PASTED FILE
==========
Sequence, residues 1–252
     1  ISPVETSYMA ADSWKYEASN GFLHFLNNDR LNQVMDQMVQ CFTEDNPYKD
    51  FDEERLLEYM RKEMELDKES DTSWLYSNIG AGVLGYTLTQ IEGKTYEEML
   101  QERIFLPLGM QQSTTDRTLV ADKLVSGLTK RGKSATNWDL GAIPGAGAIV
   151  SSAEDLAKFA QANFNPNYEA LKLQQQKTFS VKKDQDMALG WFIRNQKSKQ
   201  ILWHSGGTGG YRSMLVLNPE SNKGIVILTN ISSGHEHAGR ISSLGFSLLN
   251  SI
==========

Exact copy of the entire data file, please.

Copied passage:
Sequence, residues 1–252
     1  ISPVETSYMA ADSWKYEASN GFLHFLNNDR LNQVMDQMVQ CFTEDNPYKD
    51  FDEERLLEYM RKEMELDKES DTSWLYSNIG AGVLGYTLTQ IEGKTYEEML
   101  QERIFLPLGM QQSTTDRTLV ADKLVSGLTK RGKSATNWDL GAIPGAGAIV
   151  SSAEDLAKFA QANFNPNYEA LKLQQQKTFS VKKDQDMALG WFIRNQKSKQ
   201  ILWHSGGTGG YRSMLVLNPE SNKGIVILTN ISSGHEHAGR ISSLGFSLLN
   251  SI